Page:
Older Americans pay the highest premium costs, so they will see the biggest savings under the bill. A 64-year-old with an income of $58,00 would save nearly $8,000 annually on premium costs, according to a Health Affairs analysis of Congressional Budget Office projections.
There’s a special Obamacare open enrollment period underway through May 15, so consumers can sign up for health insurance right away. The provision to cap premium costs at 8.5% of income applies to benchmark, silver-tier plans and expires at the end of 2022. That year, the Congressional Budget Office expects that expanded premium subsidies will encourage an additional 1.7 million to enroll in marketplace coverage, most of whom are currently uninsured, Health Affairs reported.
What’s more, under the new law the government will subsidize the cost of COBRA coverage through the end of September, so those who leave their jobs or are laid off don’t need to pay full price to continue their employer-sponsored coverage through that time.
You could get help paying your housing bills
At the end of last year, 8.8 million renters and 2 million homeowners were “significantly” behind on their housing payments, according to the Consumer Financial Protection Bureau. To directly help these struggling tenants and homeowners, lawmakers have included over $40 billion in housing assistance in the new law.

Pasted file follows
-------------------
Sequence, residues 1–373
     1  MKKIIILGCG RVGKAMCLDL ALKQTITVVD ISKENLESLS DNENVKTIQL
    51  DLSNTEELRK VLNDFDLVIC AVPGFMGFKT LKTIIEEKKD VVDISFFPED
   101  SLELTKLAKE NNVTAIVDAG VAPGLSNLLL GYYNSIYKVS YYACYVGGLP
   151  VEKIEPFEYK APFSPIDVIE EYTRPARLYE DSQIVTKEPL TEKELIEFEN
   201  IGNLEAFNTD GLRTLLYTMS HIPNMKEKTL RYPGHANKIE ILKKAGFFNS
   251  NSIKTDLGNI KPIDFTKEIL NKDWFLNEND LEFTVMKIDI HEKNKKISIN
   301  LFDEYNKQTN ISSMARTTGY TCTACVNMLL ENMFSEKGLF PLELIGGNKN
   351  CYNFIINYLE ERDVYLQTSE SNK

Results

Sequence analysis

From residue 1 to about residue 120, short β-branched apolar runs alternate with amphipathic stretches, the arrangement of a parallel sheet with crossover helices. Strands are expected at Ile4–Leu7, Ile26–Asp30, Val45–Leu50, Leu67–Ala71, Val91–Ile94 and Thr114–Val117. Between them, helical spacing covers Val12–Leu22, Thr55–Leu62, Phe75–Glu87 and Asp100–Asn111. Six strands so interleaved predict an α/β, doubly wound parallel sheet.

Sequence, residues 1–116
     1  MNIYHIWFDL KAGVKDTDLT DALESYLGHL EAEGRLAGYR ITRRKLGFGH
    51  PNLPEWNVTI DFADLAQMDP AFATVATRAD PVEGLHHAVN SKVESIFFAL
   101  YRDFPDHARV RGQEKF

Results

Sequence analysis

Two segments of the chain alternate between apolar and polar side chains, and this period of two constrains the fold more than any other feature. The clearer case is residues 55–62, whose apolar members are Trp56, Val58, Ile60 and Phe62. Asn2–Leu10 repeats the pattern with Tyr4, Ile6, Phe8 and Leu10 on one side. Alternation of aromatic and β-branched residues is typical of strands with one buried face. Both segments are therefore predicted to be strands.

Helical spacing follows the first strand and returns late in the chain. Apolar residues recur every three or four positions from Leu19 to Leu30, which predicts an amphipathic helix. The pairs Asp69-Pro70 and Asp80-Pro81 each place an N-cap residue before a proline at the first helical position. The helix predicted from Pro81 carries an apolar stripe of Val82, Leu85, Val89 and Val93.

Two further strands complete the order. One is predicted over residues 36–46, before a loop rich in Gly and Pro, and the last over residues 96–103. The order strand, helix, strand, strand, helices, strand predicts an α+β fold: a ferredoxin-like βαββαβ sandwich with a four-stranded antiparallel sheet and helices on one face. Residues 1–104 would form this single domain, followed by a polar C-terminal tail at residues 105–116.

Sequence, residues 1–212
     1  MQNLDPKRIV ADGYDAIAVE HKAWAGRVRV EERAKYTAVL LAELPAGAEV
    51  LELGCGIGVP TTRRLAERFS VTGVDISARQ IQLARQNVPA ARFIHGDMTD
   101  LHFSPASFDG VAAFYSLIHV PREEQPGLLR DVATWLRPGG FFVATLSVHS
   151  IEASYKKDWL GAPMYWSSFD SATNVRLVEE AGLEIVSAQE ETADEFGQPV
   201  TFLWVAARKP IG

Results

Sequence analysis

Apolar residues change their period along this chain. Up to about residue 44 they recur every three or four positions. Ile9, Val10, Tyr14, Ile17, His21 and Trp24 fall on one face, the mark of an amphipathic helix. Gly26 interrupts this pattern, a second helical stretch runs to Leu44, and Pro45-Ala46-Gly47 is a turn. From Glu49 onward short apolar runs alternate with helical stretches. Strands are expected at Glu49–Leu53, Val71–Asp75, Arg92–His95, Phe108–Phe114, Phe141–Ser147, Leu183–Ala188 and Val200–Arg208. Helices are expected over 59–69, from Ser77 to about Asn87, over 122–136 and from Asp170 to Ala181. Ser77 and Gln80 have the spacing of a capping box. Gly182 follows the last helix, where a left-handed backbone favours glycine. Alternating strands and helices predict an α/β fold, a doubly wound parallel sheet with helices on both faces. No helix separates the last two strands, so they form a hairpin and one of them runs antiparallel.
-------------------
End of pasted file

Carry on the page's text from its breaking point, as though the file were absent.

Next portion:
Provisions include $20 billion in emergency rental assistance, a $10 billion homeowner assistance fund and $5 billion to cover energy and water costs. Experts view rental assistance as particularly important in helping to reduce poverty.
Households can now receive up to 18 months of rental assistance. The relief can be applied to back or future rent or utility costs.
To qualify, tenants must have also qualified for unemployment benefits, have a household income below 80% of area median and be at risk of homelessness or housing instability. How much a household can receive depends upon where they live and their housing costs, which must be verified by a lease or other documentation.
Notably absent from the bill, however, are further extensions to federal eviction moratoriums. The Biden administration previously sought to use the law to extend both eviction and foreclosure bans until the end of September, according to a White House fact sheet.
Last month, the Department of Housing and Urban Development, Department of Veterans Affairs, and Department of Agriculture did extend foreclosure moratoriums until June 30. The departments, which all back or buy mortgages, also expanded the window of time to apply for mortgage forbearance and added six months of forbearance eligibility. Some say a longer pause is necessary to keep people in their homes and prevent the spread of coronavirus. Officials have said further extensions are still possible.
This story has been updated to reflect that President Joe Biden signed the American Rescue Plan into law Thursday.